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The second golfing major of 2018 is upon us.
The U.S. Open returns to the fabled Shinnecock Hills. The site of four previous U.S Opens, the most recent of which was in 2004, won by South African Retief Goosen.
The layout at Shinnecock is iconic. The contrast between the dark green fairways and wispy beige rough is enough to swell the emotions of many a golfing tragic.
Since the 2004 U.S. Open, the course has gone under a substantial redesign, with the most significant changes seen in the fairways. In the 2004 staging of the U.S. Open, the average fairway width was 26-yards.
Following the re-design and adjustments from the USGA, the fairways will average 41-yards in diameter during the 2018 edition. The New York course has been extended to a 7445-yard par-70, making it the fourth longest par adjusted course in major championship history.
Shinnecock Hills has historically been one of the most challenging courses on the major championship rota. In 2004, the final round saw the unrivalled carnage, with a scoring average of almost nine shots over par.
No player managed to break par, and the 10th hole witnessed five times as many triple bogeys or worse, than birdies. Although a return to such ludicrous scoring is unlikely, it provides a sample of how difficult Shinnecock Hills can play.
7th Hole – Par 3, 189-yards
The famous ‘Redan’ hole is a gorgeous short par-3. A perched green surrounded by three deep green-side bunkers and closely mown run-offs on all sides. The green famously slopes dramatically from front-right to back-left in a consistent, but severe manner.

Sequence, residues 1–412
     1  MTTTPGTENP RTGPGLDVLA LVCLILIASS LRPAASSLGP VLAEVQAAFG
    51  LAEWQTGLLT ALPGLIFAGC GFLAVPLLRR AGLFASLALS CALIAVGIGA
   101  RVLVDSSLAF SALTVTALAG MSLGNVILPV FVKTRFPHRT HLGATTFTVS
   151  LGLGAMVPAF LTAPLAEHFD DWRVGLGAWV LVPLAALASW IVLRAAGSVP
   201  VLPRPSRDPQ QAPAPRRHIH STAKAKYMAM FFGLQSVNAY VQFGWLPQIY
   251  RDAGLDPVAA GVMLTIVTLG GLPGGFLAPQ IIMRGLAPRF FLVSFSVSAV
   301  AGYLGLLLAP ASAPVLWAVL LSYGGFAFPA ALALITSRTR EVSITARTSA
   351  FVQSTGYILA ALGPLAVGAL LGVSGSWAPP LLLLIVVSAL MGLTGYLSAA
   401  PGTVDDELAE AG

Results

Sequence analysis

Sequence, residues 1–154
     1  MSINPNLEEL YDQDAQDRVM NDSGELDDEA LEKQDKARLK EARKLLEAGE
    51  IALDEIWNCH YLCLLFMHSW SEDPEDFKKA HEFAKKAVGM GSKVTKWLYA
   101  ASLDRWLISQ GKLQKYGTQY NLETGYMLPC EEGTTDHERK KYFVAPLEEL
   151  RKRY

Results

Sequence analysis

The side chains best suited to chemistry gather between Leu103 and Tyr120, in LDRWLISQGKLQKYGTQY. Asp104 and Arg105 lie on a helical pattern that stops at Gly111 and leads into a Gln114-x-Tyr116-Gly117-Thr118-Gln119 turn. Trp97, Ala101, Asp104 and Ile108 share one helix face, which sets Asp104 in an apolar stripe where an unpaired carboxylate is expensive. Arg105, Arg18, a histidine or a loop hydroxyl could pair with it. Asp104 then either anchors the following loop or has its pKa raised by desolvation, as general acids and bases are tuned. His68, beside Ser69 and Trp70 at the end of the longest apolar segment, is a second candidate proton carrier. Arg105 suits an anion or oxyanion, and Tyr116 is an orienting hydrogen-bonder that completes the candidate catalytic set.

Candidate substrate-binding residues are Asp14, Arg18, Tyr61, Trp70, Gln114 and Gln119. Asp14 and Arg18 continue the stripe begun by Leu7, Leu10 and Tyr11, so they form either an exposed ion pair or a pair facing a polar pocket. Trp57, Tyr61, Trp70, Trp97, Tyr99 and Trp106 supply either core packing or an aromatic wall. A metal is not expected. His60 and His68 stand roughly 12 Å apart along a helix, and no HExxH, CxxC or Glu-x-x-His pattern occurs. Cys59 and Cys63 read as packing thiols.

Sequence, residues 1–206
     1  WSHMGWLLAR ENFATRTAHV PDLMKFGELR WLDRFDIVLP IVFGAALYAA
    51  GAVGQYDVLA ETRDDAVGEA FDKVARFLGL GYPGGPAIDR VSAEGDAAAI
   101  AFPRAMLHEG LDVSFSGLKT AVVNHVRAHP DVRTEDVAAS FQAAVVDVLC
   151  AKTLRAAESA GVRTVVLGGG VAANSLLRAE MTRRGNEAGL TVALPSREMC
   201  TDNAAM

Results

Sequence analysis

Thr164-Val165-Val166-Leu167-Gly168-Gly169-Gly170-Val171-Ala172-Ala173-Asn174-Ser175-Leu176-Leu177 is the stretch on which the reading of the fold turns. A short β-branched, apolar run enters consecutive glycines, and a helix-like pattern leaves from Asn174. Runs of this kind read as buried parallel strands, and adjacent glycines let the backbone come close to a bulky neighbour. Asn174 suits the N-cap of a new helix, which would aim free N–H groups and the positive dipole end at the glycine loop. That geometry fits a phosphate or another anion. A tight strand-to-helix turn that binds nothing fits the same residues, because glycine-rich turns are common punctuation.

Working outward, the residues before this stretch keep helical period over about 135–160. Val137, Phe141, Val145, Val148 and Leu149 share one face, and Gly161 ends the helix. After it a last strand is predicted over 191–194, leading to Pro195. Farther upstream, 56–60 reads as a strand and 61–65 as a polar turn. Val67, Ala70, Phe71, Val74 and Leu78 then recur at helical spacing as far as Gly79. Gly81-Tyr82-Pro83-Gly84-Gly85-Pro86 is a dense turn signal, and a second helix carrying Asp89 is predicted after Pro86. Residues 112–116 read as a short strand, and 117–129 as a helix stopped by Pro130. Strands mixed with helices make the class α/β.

In the 2004 final round, the seventh green was hit in regulation 18.2 per cent of the time.
The ‘Redan’ provides a stern test of golf and will be a hole to watch.
18th Hole – Par 4, 485-yards
The hole aptly titled ‘home’ is a problematic closing hole, which sweeps right-to-left and backs up towards the clubhouse. The long par-4 has been lengthened 35 yards since the 2004 edition and has one of the most severely sloped greens on the property, which is harshly guarded by deep bunkers and dramatic run-offs.
The site of Corey Pavin’s famous 4-wood in 1995 and Tiger Woods holed approach shit in 2004, ‘home’ is a classically designed hole, that will likely be the canvas for more historic moments this year.
10th Hole – Par 4, 415-yards
Titled ‘Eastwood Ho’, the first hole on the back-9 seems innocuous at 415 yards and one of the most generous fairways on the property. However, the small table-top green makes this hole the most difficult on the course. The front and backs of the 10th green are guarded by severe drop-offs that can shoot wayward tee-shots more than 40 yards from the green.
During the 2004 final round, the 10th played at over a stroke harder than par, wielding only one birdie.
For those starting on the back-9, the 10th provides an immediate and daunting beginning.
Notables in the field
Following the phenomenal finish to the first major of 2018 at Augusta National, anticipation for this year’s U.S Open has reached fever pitch. The collection of recent performances from many of the world’s top-players has contributed actively to this expectation.